Legislator does, in fact, see a Vikings parallel


I want to assure a Feb. 7 letter writer that I oppose diverting precious tax dollars for a Vikings stadium every bit as strongly as I am appalled at the University of Minnesota choosing to pay the exorbitant salary to athletics director Joel Maturi.

Education for students of all ages should come first. Unfortunately, with the current choices being made, early childhood is still a future promise; we owe K-12 schools billions, and students pursuing higher-education opportunities graduate laden with debt.

STATE REP. Mindy Greiling, DFL-Roseville

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Much ink has been spilled about Maturi's impending retirement. Most of it centers around his legacy as viewed through the narrow prism of what the public deems as athletic success: contracts, budgets, buyouts, bowl games, AP rankings, "prestige".

(As if the nuances of shepherding a 25-sport Division I program can really be boiled down to the bottom line or a neat list of rankings.)

Yet the voices of student-athletes who competed under his tenure are conspicuously absent. And at the end of the day, shouldn't the student-athletes themselves, the ones for which Maturi's decisions have perhaps the greatest impact, be the ones to judge his performance?

If we're using that metric, one would be hard-pressed to find a negative review. As a student-athlete at the U from 2006 to 2011, I speak for more than just myself when I say that student-athletes had a deep admiration for the work ethic and values that he brought to bear upon the athletics department.

Of course, critics will say that given Maturi's support of nonrevenue sports (I ran track and field), my admiration is biased. But they're missing the bigger point.

The very fact that so many student-athletes in nonrevenue sports left Minnesota with a positive and meaningful athletic experience and, more important, their degree speaks volumes about his ability to lead with perspective and integrity.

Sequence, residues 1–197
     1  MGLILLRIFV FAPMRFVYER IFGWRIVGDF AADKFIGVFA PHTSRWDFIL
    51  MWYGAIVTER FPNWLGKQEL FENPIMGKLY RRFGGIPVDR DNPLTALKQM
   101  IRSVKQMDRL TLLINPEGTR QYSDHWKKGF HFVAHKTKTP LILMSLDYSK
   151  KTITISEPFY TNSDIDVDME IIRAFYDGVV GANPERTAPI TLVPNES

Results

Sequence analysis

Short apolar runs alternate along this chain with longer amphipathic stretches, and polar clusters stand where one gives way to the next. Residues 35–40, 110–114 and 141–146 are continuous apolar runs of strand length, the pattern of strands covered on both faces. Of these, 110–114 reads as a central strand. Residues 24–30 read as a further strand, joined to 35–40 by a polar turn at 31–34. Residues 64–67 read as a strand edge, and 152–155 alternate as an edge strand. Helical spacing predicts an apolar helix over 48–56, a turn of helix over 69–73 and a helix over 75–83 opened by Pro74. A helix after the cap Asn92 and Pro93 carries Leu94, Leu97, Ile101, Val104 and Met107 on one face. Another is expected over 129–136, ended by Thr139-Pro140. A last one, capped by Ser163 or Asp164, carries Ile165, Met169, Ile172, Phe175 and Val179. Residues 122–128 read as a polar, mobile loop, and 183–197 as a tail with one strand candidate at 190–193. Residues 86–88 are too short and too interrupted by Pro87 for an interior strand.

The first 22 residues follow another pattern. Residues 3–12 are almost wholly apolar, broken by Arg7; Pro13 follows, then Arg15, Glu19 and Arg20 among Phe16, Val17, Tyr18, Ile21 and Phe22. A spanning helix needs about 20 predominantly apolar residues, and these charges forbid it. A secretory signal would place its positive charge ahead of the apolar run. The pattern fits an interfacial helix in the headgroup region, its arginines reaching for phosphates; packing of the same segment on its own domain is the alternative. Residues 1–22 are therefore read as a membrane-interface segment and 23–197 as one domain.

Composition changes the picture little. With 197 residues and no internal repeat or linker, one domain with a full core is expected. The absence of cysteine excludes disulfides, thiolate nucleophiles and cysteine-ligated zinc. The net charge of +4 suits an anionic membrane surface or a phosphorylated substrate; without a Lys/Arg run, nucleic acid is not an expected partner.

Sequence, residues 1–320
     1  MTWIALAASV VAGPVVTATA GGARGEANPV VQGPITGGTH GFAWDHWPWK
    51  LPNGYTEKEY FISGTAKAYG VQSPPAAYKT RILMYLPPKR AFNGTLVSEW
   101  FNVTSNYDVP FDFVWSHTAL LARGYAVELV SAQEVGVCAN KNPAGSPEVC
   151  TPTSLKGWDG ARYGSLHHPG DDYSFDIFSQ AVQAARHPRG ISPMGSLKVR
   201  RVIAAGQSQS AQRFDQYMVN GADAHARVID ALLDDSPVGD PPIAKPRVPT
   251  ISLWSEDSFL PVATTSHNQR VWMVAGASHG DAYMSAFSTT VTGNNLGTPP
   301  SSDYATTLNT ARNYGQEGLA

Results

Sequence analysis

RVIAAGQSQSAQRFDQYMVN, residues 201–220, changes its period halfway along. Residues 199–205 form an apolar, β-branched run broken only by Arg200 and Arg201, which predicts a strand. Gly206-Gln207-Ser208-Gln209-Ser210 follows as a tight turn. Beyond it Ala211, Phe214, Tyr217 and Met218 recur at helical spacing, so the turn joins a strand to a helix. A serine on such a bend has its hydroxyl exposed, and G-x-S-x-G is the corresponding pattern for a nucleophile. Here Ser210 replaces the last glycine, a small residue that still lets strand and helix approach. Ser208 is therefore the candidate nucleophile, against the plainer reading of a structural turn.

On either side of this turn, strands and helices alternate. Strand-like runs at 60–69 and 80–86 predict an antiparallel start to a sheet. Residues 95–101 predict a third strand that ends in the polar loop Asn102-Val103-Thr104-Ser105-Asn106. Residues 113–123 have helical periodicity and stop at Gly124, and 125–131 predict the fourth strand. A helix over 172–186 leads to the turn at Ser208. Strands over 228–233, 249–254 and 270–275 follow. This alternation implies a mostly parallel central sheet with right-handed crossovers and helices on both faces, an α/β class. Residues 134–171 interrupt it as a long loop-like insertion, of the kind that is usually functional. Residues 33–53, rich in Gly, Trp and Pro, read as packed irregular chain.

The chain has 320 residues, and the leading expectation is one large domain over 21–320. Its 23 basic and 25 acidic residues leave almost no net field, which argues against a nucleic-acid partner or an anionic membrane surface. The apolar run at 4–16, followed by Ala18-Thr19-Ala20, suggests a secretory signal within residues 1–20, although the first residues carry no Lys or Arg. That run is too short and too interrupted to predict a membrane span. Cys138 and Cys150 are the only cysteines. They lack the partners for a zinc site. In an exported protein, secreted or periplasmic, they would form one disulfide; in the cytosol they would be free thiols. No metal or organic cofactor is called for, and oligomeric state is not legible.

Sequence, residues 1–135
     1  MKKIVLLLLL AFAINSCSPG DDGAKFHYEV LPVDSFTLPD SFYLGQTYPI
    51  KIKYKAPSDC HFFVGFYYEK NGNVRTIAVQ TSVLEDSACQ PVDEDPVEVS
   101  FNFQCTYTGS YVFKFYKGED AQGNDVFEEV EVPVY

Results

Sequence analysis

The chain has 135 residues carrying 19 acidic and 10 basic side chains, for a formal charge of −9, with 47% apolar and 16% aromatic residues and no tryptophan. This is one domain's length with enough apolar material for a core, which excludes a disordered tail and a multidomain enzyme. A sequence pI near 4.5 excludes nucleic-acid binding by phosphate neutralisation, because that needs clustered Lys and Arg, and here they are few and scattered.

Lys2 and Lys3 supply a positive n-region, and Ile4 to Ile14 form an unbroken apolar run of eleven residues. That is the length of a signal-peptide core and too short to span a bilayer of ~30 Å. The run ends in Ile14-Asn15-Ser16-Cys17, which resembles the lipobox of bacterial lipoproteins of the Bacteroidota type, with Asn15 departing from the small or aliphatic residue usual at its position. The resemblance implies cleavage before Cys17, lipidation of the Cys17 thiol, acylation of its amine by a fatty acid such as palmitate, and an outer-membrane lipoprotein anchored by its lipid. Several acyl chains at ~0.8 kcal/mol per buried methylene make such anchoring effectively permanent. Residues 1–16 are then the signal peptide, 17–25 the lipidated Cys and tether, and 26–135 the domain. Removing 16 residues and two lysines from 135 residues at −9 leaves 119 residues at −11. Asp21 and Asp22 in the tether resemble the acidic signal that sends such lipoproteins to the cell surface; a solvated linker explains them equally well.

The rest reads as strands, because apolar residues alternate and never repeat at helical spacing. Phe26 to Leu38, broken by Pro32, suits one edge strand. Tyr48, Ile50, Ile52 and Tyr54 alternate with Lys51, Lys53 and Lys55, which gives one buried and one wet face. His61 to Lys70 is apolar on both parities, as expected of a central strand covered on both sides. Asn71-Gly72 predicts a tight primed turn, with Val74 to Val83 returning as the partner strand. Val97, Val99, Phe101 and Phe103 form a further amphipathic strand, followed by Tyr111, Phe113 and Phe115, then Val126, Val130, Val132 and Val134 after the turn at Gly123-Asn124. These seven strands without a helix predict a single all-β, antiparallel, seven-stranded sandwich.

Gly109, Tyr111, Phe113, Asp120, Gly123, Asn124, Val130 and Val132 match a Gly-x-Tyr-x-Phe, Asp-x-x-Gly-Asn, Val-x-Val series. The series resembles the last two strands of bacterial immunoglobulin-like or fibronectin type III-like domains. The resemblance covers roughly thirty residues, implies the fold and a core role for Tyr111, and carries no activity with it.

Those who can't wrap their minds around that idea don't understand the true purpose of collegiate sports and shouldn't be spilling ink on the subject in the first place.


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Some are already revising history


In his recent column ("A media-driven controversy for Komen foundation," Feb. 7), Ross Douthat tries to blame the media for the situation the Susan G. Komen foundation found itself in last week. I remember it much differently.

On Twitter and Facebook, the public's response was immediate and furious. That's where I, and most of my friends, learned about the controversy.

Like a lot of news developments these days, it was only after the news spread like wildfire over social media -- and the public's anger was already clear -- that the media reported it.

Is it really a surprise that people were upset about this? The Komen foundation's main goal should be reaching as many people as possible to detect and treat breast cancer early, when a woman has the best chance of survival.

This is true of any organization dedicated to preventing, detecting and treating any type of cancer. That's why the public was irate when Komen pulled funding from an organization that serves many women who otherwise might not get regular breast exams.

The foundation made a bad decision, and now it is suffering the consequences. The idea that the media are at fault for this controversy is absurd.


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Writer's point of view was distinctly local


Thank you to a Feb. 4 letter writer for a very suburban point of view about trapping. But before we go and destroy an entire fur industry (no matter how large or small; shouldn't market forces determine that anyway?) perhaps a rural perspective should also be allowed.

Every spring after melt (yes, we have snow) many roads are damaged by beavers damning the culverts.

Not only does it prevent owners and emergency personnel from reaching their homes and businesses, but many cabin owners and vacationers have experienced the hassles and price of washed-out roads.

Beavers cost the Minnesota Department of Natural Resources -- us taxpayers, that is -- quite a chunk of change every year. The state has to hire trappers to eliminate the source of the problem before spending even more money actually repairing the road.

Just thought a small, positive perspective about trapping should be presented, too.


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Good thing freedom isn't in the balance


Every day in the Star Tribune, I see another new player in the stadium issue with a new financing proposal for a new location, holding another hearing or news conference. I also hear from all the already engaged players their ongoing opinions or maybe some new ones.

The thought occurs to me that if all the current players in the stadium game had been involved in planning the D-Day invasion, it wouldn't have taken place yet.